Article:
Companies have upgraded strollers and carriages with high-tech designs, enabling parents to take their kids along for the ride on a rugged trail ... or down a ski slope! More from Wall Street Journal contributor and freelance writer Jonathan Welsh.
After PCs and the iPhone, Apple's third act could be as a wearable technology company. The Wall Street Journal's Christopher Mims says devices like the Apple Watch and AirPods, combined with Apple's services, could make wearables the next big growth driver for Apple.
Twitter has typically relied on users to report abusive content. But sources have told the Wall Street Journal that CEO Jack Dorsey has weighed in some high-profile decisions. The Journal's Georgia Wells has more.
With hackers looking to target major U.S. cities, municipal governments are taking out cybersecurity insurance. The Wall Street Journal's Scott Calvert talks about what cyber insurance covers and how much it costs.
Finding a new job or freelancing gig is hard enough. But the Wall Street Journal's Chris Kornelis says a poorly conceived email address can seriously harm your career prospects. He runs down some rules you should consider when changing your online handle.
New devices can measure the velocity and distance of your stroke and help determine which club to pull out next. But is all this new data actually helpful, or just another expensive golf trend? The Wall Street Journal's David Pierce aims to find out.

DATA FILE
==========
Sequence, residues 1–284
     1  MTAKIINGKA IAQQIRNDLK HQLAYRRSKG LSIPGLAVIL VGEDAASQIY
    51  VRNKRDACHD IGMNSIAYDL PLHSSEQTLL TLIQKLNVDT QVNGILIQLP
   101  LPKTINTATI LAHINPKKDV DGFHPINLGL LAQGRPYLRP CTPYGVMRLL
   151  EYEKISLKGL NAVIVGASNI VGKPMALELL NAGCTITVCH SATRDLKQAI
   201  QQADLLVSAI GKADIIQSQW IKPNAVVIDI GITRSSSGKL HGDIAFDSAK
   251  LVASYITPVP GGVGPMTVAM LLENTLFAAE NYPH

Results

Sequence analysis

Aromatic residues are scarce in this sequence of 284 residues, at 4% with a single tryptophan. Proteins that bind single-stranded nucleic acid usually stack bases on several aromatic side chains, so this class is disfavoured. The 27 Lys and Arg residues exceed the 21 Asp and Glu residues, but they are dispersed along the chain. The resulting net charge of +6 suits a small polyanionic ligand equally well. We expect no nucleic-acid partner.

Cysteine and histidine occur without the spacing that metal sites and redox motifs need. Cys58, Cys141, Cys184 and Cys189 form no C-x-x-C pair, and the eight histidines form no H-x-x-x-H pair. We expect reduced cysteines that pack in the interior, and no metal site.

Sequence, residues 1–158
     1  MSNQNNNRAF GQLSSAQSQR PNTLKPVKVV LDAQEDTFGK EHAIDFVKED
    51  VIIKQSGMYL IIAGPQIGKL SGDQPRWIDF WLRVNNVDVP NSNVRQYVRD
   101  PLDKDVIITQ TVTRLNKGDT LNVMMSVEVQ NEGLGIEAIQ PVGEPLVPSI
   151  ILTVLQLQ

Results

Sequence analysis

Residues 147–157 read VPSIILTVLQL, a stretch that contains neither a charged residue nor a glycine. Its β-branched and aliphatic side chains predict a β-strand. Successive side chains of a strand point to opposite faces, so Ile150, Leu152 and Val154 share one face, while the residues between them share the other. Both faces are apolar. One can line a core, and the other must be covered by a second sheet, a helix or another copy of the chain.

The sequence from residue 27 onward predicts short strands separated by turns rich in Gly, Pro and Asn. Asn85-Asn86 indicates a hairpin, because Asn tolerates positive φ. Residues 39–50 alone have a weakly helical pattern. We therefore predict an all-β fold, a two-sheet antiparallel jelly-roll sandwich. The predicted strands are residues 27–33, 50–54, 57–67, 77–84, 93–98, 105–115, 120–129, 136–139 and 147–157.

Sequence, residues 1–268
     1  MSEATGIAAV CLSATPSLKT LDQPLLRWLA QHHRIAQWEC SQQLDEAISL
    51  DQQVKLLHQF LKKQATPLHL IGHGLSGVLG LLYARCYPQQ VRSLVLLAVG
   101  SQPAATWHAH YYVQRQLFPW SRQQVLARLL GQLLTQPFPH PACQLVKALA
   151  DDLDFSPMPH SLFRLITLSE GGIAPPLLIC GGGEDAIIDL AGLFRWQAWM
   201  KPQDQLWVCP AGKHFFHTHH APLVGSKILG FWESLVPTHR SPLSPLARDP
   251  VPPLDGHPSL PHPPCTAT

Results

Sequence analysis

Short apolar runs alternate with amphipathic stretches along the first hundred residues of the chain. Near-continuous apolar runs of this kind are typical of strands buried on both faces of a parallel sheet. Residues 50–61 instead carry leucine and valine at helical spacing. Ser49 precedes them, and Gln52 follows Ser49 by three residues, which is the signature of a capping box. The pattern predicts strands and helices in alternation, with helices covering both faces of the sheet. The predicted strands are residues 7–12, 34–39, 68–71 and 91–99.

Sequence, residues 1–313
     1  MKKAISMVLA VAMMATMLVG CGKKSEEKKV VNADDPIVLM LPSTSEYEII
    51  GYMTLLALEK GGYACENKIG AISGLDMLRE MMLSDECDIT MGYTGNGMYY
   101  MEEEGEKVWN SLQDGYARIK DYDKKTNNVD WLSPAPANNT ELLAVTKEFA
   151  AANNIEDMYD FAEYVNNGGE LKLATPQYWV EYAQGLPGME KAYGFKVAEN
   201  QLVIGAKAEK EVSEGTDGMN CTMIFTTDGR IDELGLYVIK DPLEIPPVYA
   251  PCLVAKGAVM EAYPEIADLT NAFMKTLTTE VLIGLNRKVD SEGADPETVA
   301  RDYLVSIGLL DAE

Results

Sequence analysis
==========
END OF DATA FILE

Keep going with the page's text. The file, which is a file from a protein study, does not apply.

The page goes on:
Corporations have increased their use of artificial intelligence to improve customer interaction. The Wall Street Journal's Steven Norton talks about how AI has helped TGI Fridays target its customers more efficiently.
America's biggest tech companies are zeroing in on Iran, scrubbing their online networks of fake accounts, videos and social-media posts by the rising cyber adversary aimed at spreading misinformation. The Wall Street Journal's Robert McMillan has more.
Facebook dismantled a new set of influence campaigns originating in Iran and Russia designed to sow division in global politics, part of the social-media company's broader purge of bad actors on its site. The Wall Street Journal's Deepa Seetharaman has more.
Farfetch, the latest tech company to seek a U.S. listing, specializes in selling expensive items online. The Wall Street Journal's Stephen Wilmot explains why the online luxury market isn't as unique as it would have investors believe.
Google CEO Sundar Pichai responds to criticism over reports that Google would tailor a search product to meet China's strict censorship laws. The Wall Street Journal's Douglas MacMillan has the details.
Best Buy looks to invest more in tech that meets the needs of older Americans, agreeing to buy GreatCall Inc., the maker of senior-focused Jitterbug mobile phones, for $800 million. The Wall Street Journal's Robert Barba has the details.
Federal regulators have subpoenaed Tesla, ramping up an investigation into whether Chief Executive Elon Musk was truthful when he tweeted last week that he had secured funding to take the electric-car maker private. The Wall Street Journal's Emily Glazer has the details.
Password manager Dashlane has new tools that keep you safe online --- and free you from the relentless hassle of typing your passwords. The Wall Street Journal's David Pierce explains why it makes browsing easier.